It seems to be the consensus of opinion of a score or more of European and American pomologists who have known Choisy that it is the handsomest and most delicious of all Duke cherries one of the very best of all dessert cherries. In it are delicately combined the richness of the Sweet Cherry and the sprightliness of the Sour Cherry. Unfortunately, while it bears early and regularly, the trees are seldom fruitful. As an offset to unfruitfulness, however, the trees are vigorous, hardy and healthy. The cherries keep and stand the wear and tear of marketing as well as those of any other Duke. Its qualities all commend it for the home orchard and for a local market. In particular it may be recommended for cold climates where a true Sweet Cherry is not quite hardy, this hybrid being nearly as hardy as the other parent, the Sour Cherry. Unfortunately suitable specimens of this beautiful cherry could not be obtained for a color-plate and the description has had to be compiled in part.
Duhamel describes two amber-colored cherries, one of which is listed by Leroy as Belle de Choisy. The Cerise Blanche, or Cerise Ambree (Grosse), according to Leroy, was cultivated in Central France as early as 1628 and in 1667 Merlet wrote of it as the most curious and rare of all cherries. Kenrick, American Orchardist, 1832, lists a variety, Ambrée, which according to Floy-Lindley's and Duhamel's descriptions must be Choisy. Some writers, however, say that Choisy was first grown by M. Gondouin, a gardener for Louis XV, in 1760, at the village of Choisy near Paris. The American Pomological Society, in its report for 1852, mentioned this variety as having promise and ten years later listed it in the Society's fruit catalog where it has since remained.
Tree large, vigorous, spreading, sotnewhat open, hardy, but moderately productive; branches thick, of a clear grayish color with brownish-red tips; lenticels very numerous, large, roundish.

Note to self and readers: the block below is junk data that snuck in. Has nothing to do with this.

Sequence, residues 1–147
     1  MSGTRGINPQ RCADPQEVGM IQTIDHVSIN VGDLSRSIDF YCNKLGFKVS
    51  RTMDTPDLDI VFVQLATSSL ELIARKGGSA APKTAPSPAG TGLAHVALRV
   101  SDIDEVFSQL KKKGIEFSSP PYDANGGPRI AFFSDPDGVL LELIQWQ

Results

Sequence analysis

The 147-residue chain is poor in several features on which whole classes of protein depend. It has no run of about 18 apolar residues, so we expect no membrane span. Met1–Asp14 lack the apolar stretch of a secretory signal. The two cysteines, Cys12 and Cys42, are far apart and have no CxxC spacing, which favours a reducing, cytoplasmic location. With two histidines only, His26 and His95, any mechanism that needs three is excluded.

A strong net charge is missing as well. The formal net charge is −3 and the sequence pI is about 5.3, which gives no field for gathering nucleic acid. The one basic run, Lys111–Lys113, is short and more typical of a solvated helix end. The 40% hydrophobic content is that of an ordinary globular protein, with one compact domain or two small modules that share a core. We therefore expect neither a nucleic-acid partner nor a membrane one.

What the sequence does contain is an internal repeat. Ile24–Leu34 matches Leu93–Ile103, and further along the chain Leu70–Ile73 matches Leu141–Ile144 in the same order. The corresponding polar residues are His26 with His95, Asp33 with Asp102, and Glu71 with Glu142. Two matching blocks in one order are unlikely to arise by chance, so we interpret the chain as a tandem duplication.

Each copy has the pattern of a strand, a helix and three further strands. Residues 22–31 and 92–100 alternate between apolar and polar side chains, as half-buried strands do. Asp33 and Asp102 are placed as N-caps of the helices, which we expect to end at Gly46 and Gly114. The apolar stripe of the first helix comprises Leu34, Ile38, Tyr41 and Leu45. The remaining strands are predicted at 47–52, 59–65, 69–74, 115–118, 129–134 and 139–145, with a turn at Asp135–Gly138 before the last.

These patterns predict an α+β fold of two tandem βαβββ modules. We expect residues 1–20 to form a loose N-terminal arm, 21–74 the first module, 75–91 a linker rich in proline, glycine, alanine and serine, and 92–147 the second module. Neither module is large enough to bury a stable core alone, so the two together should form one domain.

Leaves numerous, very broad, obovate, rather abruptly pointed; upper surface shining dark green, deeply and regularly serrate to rather dentate.
Buds large, thick, conical, clear brown somewhat covered with gray; season of bloom rather early; flowers white, large, numerous, borne in large clusters; petioles short, scarcely an inch in length; petals broadly round, edges dentate; calyx-lobes short, large; pistil longer than the stamens.
Fruit matures in some localities just before May Duke, in others just after that variety, ordinarily ripe, however, at the end of June; usually attached in pairs, large, roundish to somewhat oval, flattened toward the base; cavity shallow, wide; suture shallow, indistinct; apex depressed; color attractive bright red mottled with yellow and amber; stem thick at the base, one and one-half to two inches long, generally forking, at about one-half inch from the base; skin thin, somewhat firm, semi-transparent showing the netted texture of the pulp beneath; flesh pale atnber, with abundant colorless juice, tender, melting, sweet, pleasant flavor; very good in quality; stone medium to small, roundish, pointed at the apex; dorsal suture indistinct; surfaces nearly smooth.
Cerisier a Fruit Ambre a Fruit Blanc. 1. Duhamel Trait. Arb. Fr. 1:185,
186, 187, P1. X1. 1768.
Schoene von Choisy. 2. Truchsess-Heim Kirschensort. 452-455. 1819. 3. Mathieu Nom. Pom- 333, .334, 376. 1889.
Belle de Choisy- 4. Pom. Mag. 1:42, P1. 1828. 5. Prince Pom. Man. 2:137- 1832. 6. Cultivator 10: 150 fig. 1843. 7. Downing Fr. Trees Am. 90 fig. 79. 1845. 8. Poitcau Pom. Franc. 2: No. 27, P1. 1846. 9. Am. Pom. Soc. Rpt- 37, 38, 102. 1852. 10. Ann. Pom. Belge 1:63, fig. 2. 185,3. 11. Elliott Fr. Book 189. 1854. 12. Am. Pom. Soc. Cat, 74. 1862. 13. Mortillet Le Cerisier 2:169, 170 fig. 45, 171, 172. 1866. 14. Mas Le Verger 8:113,114, fig. 55. 1866-73. 15. Hogg Fruit Man. 276,280. 1884. 16. Soc. Nat. Hort. France Pom. 80 fig., 81. 1904. 17. Cal. Cong. Pom. France 18. 1906.